Declining inpatient volume and continuing low outpatient volume led to low-to-negative margins for U.S. hospitals in February 2021
Hospitals record low-to-negative margins in February: report
March 26, 2021
by John R. Fischer
, Senior Reporter
U.S. hospitals saw low-to-negative margins in February brought on by decreased inpatient volumes and continued low outpatient volumes as a result of the pandemic, according to Kaufman Hall’s latest National Hospital Flash Report.
“In the months ahead, hospitals and health systems will need to adjust their focus from acute to less acute patients, given that continued low outpatient volumes will likely fail to offset decreasing inpatient volumes. The pandemic has significantly changed behaviors — with many patients continuing to delay non-urgent care and rely more heavily on telehealth services,” said said Jim Blake, a managing director at Kaufman Hall and publisher of the National Hospital Flash Report, in a statement.
The median Kaufman Hall hospital operating margin index was -0.5% in February, excluding CARES Act funding. The federal aid brought it up to 0.4%. The median EBITDA margin was 4.1% without it and 5.4% with it, while operating margin dropped 30.8% year-over-year and operating EBITDA margin fell by 22.6%.
Gross operating revenue fell 4.6% YOY, not including CARES aid, and inpatient revenue dropped 4.4%. Outpatient revenue fell 5.5% compared to the same time last year, falling below prior-year levels for a tenth time in the last 11 months.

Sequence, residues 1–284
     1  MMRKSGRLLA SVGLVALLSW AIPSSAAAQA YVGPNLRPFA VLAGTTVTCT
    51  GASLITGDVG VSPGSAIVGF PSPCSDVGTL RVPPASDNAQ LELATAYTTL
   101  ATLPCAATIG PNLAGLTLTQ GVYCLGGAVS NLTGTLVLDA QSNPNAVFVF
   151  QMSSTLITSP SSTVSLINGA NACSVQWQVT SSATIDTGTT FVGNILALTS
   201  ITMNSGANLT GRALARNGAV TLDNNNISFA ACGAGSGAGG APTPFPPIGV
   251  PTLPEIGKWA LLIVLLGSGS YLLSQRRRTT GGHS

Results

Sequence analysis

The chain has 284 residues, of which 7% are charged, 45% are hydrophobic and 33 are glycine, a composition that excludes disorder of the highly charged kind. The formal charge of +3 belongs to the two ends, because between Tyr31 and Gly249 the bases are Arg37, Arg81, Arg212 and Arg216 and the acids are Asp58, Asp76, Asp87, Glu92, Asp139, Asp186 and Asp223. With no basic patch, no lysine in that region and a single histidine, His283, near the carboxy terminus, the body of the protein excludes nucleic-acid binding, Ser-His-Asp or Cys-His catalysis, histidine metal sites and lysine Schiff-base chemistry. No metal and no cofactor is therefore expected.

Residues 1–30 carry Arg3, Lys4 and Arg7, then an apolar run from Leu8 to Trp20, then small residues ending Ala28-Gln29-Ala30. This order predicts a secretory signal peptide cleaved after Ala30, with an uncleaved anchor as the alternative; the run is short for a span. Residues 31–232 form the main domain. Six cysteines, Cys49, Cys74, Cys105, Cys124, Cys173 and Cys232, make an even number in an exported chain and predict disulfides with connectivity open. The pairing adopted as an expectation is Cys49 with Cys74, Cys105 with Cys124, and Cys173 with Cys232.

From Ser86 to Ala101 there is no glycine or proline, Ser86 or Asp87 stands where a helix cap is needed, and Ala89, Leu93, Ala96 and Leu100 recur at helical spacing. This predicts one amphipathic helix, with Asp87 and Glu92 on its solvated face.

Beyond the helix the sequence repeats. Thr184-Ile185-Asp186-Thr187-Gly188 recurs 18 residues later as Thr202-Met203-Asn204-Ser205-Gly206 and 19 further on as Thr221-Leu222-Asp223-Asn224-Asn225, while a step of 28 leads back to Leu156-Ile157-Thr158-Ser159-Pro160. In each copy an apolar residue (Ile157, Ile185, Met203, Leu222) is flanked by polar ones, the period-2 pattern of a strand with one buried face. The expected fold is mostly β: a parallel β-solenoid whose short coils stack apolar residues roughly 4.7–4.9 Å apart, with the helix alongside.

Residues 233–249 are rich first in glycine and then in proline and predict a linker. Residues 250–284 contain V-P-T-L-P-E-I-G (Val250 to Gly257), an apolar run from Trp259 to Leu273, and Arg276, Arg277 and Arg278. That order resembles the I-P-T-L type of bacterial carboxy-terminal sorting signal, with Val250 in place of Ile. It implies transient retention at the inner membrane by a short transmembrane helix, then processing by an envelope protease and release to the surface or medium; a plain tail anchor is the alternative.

Volumes also dropped below February 2020 levels across most metrics, with adjusted discharges down 13.8%, adjusted patient days down 8.3%, and operating room minutes below 6.9%. The largest declines were in ED visits at 26.8% YOY. EDs have seen double-digit declines every month since the start of the pandemic. The average length of stay rose 7.3% compared to February 2020.
High costs associated with managing the virus continued to go up, with adjusted expenses still above prior-year levels. Among them were total expense per adjusted discharge by 19.6%; labor expense per adjusted discharge by 18.8%; non-labor expense per adjusted discharge by 20.7%; supply expense per adjusted discharge by 18%; drug expense per adjusted discharge by 29.1%; and purchased service expense per adjusted discharge by 24.3%.
On a positive note, national COVID-19 metrics declined throughout February, following record highs in early January. In addition, the average length of stay dropped 3.4% from January, reflecting a decrease in high acuity COVID-19 patients requiring longer hospital stays.
“Declines in coronavirus-related hospitalizations are an encouraging sign in our fight against the pandemic,” said Blake.